Scientists of various specializations are engaged in aging problems: genetics, physiologists, psychologists. Here's what science knows about the factors that help you live long and disease-free.
The authors explain that this is the type of "reasonable, stubborn, methodical person, like a scientist-professor, a little boring and not at all carefree." It's easier to assume that relaxed niggas live longer, but this is not the case. People who are conscientious and judicious are more likely to do things that promote health: they choose the right partners for life, find a good job, quit smoking, do not violate traffic rules and follow the instructions of doctors.
Reducing meat in the diet
People who live in the so-called "blue zones", where there are especially many centenarians, eat in a certain way. For example, red meat is rarely eaten. Meat is iron, and high blood iron levels shorten healthy life years. The amount of iron depends on both genetic characteristics and diet, and its abnormally high or low levels can lead to age-related diseases like Parkinson's disease and a decrease in the body's ability to fight infections. What long-livers' diets have in abundance are fruits, vegetables, nuts, and healthy fats like olive oil.
If your ancestors lived to be 100 years old, this does not guarantee the same for you, but it still increases the chances. There are aging genes: if they are completely or partially turned off, a person lives longer. These are, for example, genes that encode receptors for hormones, and enzymes that regulate the activity of proteins. The so-called life genes are also known - the life span lengthens when they are activated. These are genes that code for enzymes that repair proteins and DNA. How long those genes work in the body of a particular person depends on how long he will live.
Education level correlates with longer life. It was found that people with higher education live about nine years longer than people who did not graduate from high school. The more years a person has spent studying (we are, of course, not talking about repeaters), the higher the likelihood that he will live to deep gray hair. There is evidence that education in this sense is even more important than race and income level. And this is understandable: educated people find it easier to get a good job, plan their future and lead a healthy lifestyle.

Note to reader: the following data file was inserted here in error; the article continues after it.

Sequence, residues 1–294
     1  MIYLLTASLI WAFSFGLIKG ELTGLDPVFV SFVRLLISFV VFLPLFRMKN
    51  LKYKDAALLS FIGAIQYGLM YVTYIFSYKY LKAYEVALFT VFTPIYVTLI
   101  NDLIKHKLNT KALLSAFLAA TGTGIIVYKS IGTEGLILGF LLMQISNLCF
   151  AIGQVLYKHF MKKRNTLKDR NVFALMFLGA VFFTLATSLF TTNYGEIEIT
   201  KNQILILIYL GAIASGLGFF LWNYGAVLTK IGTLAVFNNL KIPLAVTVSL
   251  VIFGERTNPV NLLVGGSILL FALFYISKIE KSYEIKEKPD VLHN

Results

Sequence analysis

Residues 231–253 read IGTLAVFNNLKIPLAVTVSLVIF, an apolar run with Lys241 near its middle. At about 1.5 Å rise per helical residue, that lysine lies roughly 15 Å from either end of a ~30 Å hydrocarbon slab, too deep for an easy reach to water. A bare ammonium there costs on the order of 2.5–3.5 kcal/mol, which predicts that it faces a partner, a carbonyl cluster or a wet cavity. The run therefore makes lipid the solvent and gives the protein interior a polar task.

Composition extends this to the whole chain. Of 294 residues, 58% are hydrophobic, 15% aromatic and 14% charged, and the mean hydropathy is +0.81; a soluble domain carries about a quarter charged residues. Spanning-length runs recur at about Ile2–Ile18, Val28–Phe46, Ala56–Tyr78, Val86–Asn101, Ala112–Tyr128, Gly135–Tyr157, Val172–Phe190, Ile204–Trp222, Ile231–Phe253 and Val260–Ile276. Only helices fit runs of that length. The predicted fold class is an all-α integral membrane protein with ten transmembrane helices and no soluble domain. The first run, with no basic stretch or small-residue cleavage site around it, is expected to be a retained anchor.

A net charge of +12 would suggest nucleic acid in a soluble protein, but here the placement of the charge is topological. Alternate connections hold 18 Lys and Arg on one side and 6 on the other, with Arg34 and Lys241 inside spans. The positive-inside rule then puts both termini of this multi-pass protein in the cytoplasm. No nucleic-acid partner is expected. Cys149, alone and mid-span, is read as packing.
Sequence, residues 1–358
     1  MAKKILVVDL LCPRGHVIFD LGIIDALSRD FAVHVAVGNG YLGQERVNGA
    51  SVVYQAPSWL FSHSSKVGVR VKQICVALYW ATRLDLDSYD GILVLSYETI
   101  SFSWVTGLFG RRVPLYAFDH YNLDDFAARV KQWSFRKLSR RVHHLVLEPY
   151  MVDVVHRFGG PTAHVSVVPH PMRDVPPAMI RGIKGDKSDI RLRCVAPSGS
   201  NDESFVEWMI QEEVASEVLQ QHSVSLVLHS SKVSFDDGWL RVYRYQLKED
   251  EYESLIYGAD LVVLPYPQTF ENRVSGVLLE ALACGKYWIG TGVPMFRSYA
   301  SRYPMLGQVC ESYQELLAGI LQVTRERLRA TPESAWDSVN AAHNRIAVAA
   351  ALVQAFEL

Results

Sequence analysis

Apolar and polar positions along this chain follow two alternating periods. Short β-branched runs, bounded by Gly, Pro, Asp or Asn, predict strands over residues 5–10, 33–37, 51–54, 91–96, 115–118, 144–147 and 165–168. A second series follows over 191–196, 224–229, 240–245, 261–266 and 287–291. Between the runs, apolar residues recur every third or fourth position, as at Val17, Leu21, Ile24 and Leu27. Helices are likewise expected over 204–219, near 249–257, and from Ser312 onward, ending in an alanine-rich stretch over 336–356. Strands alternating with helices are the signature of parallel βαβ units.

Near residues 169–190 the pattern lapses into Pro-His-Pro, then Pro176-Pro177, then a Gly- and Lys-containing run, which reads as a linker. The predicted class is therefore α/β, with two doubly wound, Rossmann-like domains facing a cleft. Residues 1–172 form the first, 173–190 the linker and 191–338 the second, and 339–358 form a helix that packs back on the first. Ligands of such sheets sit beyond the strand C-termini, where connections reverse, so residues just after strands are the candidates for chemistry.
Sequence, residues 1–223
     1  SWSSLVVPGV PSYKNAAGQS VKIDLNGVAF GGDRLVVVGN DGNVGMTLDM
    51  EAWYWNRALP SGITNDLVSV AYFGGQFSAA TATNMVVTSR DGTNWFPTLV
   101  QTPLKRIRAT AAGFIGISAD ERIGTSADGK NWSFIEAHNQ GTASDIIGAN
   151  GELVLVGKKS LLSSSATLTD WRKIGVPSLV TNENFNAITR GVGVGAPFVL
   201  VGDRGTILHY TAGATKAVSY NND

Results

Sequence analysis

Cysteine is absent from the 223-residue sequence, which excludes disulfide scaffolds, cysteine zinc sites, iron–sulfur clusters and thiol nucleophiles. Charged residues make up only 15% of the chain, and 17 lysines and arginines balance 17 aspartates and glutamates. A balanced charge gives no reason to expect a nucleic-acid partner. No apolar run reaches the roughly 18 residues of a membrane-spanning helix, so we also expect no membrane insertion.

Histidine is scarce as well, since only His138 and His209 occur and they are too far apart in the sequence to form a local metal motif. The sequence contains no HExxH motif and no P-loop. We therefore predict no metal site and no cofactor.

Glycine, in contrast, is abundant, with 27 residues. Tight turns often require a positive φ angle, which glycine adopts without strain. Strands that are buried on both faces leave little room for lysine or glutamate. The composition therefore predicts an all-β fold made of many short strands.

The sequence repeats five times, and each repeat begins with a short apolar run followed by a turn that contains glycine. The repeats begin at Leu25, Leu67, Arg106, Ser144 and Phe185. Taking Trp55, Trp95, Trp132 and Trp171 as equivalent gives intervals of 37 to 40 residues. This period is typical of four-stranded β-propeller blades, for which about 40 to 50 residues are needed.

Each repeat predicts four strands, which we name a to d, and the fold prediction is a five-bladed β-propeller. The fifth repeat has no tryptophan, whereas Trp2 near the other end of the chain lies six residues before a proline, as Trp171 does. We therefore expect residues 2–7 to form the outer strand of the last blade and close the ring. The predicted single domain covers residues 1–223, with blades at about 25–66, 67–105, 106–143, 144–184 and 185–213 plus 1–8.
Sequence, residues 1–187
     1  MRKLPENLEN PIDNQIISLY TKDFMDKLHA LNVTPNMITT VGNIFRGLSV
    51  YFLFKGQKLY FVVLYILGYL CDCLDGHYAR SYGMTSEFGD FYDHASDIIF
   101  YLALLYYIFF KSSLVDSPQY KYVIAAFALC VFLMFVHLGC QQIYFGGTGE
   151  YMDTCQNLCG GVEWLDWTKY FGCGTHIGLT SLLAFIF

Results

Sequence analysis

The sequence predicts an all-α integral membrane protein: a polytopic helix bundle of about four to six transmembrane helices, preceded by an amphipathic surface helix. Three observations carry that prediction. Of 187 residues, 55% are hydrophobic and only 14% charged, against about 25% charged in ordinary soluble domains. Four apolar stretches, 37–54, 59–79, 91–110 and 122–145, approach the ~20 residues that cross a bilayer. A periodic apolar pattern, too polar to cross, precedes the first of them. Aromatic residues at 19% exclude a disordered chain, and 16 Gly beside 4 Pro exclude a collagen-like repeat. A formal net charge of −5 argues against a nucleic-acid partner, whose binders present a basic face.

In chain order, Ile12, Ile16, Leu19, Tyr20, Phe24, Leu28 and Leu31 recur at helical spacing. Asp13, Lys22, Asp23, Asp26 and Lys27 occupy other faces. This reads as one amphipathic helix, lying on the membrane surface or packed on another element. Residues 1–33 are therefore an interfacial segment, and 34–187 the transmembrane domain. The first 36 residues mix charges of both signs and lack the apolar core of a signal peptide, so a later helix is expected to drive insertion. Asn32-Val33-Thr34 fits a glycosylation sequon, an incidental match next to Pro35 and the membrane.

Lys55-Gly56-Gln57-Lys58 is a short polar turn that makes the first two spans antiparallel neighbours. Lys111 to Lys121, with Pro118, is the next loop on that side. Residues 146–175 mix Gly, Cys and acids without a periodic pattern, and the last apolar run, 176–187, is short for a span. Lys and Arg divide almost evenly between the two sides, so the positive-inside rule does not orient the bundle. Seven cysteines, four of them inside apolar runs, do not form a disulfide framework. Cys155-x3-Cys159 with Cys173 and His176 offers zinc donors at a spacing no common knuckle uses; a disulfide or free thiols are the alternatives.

Work stress isn't all that bad. If you work hard and enjoy it, the stress at work won't kill you. Skeptics may doubt that many working people are able to enjoy life, write the authors of the same book The Longevity Project, but research shows that productive and non-lazy people, even in old age, feel happier, healthier and needed than their peers, not suffering from workaholism.
There is evidence to suggest that mindfulness - the ability to live in the present without regretting past mistakes or fearing the future - can affect life expectancy. For example, one study found that people who practice mindfulness practices such as meditation have an average of 30% higher activity in the aging-related enzyme telomerase. The conclusions are preliminary, but this is further evidence that the mind does affect the body.
"Positive thinking", but in moderation
It would seem that always a good mood implies a lower level of stress, and therefore health. However, research on longevity shows that "positive thinking" is not always that beneficial. People who are very optimistic and, in principle, do not accept the probability of failure, the ability to withstand failure and illness is lower.
Close contact with other people is unambiguously associated with a longer life. Women tend to be more outgoing, and this may be one of the reasons women tend to live longer than men. Taking care of loved ones teaches you to take care of yourself. Some studies even suggest that immune function improves when we are around our friends, and that they help regulate stress.
Refusal to sit out of place
Sitting still is the first way to dig your own grave ahead of time. Studies show unequivocally that prolonged sitting puts people at risk of shortening their life expectancy. One study, for example, demonstrated that every hour people over 25 years old spend watching TV leads to subtracting 22 minutes from total life expectancy.
Doctors have long used the rate of walking as a marker of health and aging in older people. It is known: those who walk slowly at 70 and 80 will die faster than their "faster" peers. Curiously, on the aging scale, slower people are older than their reactive peers in many ways: even their lungs, teeth, and immune system tend to be in worse condition than people who are accustomed to moving quickly. They also have a lower total brain volume.